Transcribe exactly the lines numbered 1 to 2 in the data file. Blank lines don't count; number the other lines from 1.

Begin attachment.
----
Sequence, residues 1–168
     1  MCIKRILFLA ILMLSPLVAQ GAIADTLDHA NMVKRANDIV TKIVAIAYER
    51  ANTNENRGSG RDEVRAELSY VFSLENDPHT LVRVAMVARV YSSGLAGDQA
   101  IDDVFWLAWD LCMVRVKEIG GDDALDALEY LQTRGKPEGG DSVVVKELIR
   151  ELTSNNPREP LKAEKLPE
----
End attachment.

Sequence, residues 1–168
     1  MCIKRILFLA ILMLSPLVAQ GAIADTLDHA NMVKRANDIV TKIVAIAYER